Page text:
Web exclusive: Jet Airways expands eastwards

13 Feb 2008 by Mark Caswell

Last year was a notable one for Jet Airways, the private Indian airline. It established a European hub in Brussels, launched transatlantic flights, boosted its London services with new Airbus A330-200 and B777-300ER aircraft, and introduced some of the best premium products aloft.

But this year sees Jet concentrate on expansion to the East, with more opportunities for passengers booking its flights to Asia and across the Pacific to the US.

Raja Segran, the carrier’s newly appointed vice-president for Europe and the Americas, told Business Traveller that his airline “will inaugurate a new service to Shanghai and San Francisco this May. We have traffic rights to carry passengers both between Mumbai and Shanghai, as well as Mumbai to San Francisco and Shanghai to San Francisco”. 

The move will enable Jet to tap the fast-growing market in mainland China. It will be the first transpacific flight by any Indian airline.

Closer to home, Segran says: “Flights to Asia have been expanded by upgrading the existing Singapore route from Mumbai and Delhi from a B737 [a smaller short-haul aircraft], to the larger A330-200 [a medium to long-haul plane]. By May and June we will have launched two new routes to Hong Kong from both Mumbai and Delhi.” Flight schedules will be published soon.

With all these developments (Jet also serves Bangkok and Kuala Lumpur), might Jet be looking to better co-ordinate its schedules so that European travellers would be able to make connections at Mumbai and Delhi for destinations in South East Asia?

“It’s a little premature to suggest this,” replies Segran. “Our infrastructure isn’t as good as it could be. It’s not just a question of the terminals; it’s also to do with runway and ATC (air traffic control) capacity. Another fact is that our flights on these routes are already busy [so Jet has no need to woo extra passengers]. Nevertheless, we can’t run away from the fact that these developments could happen over time.”

There are also no plans to serve Australia. Segran says: “We rely on feeding passengers to the Qantas network at Singapore [from where Qantas serves numerous cities Down Under] rather than flying there ourselves.”

Here in Europe, Jet indicates it would like to move from London Heathrow’s T3, to T4 (currently used by British Airways, but soon to become the home of the Skyteam alliance), to take advantage of better lounge facilities for its passengers. But don’t read too much into this and assume Jet is certain to join Skyteam. Segran says: “We are currently non-aligned and are keeping our alliance options open.”

But most of Jet’s European flights operate not from London, but from its mini-hub at Brussels. This came into operation last year and enables Jet not only to connect passengers with India, the US and Canada, but serve the UK regions and mainland Europe as well, thanks to a marketing tie-up between Jet and Brussels Airlines.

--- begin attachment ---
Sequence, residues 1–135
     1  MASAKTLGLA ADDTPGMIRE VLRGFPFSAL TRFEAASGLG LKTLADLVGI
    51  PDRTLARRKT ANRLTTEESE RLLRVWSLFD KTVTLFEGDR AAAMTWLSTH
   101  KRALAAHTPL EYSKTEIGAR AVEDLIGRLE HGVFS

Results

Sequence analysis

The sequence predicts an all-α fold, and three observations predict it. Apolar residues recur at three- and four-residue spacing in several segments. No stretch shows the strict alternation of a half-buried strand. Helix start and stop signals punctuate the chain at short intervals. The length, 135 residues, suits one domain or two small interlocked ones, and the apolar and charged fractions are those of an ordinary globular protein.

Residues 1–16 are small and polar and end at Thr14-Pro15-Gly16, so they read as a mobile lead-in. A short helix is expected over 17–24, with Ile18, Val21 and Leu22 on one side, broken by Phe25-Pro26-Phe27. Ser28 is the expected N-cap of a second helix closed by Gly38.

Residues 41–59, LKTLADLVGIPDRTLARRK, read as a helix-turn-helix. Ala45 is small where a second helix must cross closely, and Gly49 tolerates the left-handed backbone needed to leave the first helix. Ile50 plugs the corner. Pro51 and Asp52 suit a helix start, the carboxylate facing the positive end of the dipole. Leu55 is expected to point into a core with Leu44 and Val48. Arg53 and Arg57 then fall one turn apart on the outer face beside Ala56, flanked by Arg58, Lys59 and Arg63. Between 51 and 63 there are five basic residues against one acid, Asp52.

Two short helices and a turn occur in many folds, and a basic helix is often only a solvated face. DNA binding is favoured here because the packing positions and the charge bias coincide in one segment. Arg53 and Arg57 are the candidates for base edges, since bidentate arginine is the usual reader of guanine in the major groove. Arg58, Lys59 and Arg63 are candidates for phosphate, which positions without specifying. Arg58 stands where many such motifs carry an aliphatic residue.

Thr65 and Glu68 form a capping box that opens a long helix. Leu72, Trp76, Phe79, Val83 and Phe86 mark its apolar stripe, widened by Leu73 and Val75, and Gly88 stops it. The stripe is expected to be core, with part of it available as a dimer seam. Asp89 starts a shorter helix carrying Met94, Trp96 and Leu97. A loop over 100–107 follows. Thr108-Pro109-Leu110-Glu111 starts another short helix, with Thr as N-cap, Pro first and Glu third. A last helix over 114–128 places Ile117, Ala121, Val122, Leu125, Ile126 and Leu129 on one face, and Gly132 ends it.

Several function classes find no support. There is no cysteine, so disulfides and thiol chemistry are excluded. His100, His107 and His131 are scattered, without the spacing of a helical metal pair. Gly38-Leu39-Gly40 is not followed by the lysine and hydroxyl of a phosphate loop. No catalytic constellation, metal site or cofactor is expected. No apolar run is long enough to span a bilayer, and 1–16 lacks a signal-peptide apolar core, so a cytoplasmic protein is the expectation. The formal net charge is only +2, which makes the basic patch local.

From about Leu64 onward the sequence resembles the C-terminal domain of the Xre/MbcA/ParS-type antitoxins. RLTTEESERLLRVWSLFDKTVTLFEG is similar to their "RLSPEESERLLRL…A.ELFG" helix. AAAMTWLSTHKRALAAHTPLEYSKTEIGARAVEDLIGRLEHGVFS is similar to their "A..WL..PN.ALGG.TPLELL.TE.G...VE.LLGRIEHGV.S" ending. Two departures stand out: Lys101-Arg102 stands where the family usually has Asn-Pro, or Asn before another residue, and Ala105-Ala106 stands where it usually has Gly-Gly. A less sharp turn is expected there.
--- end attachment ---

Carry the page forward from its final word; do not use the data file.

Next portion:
Segran says: “In an ideal world we would love to serve many major European cities, but we simply don’t have enough planes to do so. Our Brussels hub enables us to cover over 50 destinations with relatively few planes.”

What happens in Brussels is that three Jet Airways flights from Mumbai, Delhi and Madras all arrive early in the morning. Within a couple of hours, all three planes continue to New York JFK, New York Newark and Toronto. During that time passengers either remain booked to their original destinations or switch services, and those with connections in Europe will transfer to Brussels Airlines.

Segran says: “Brussels acts as a complexing airport for us. No sooner have the first three westbound services departed, than our three overnight flights from North America arrive and passengers are switched to Mumbai, Delhi or Madras.” Business is good (Jet claims a load factor of 70 to 80 per cent during December and January) and premium transit passengers have use of a large lounge with shower facilities.

The quality of Jet’s Indian catering for its flights out of London has been widely praised for its authenticity. That’s because it sources its in-flight food from London’s popular Bombay Brasserie restaurant. But there’s no similar restaurant in Brussels from which Jet can source Indian cuisine for its six flights a day.

So it’s typical of Jet’s high standards and attention to detail that it’s opted to obtain its Indian catering from the Bombay Brasserie here in London, from where it’s trucked all the way to Brussels airport. How many other airlines would take the trouble?

For more information visit

Report by Alex McWhirter

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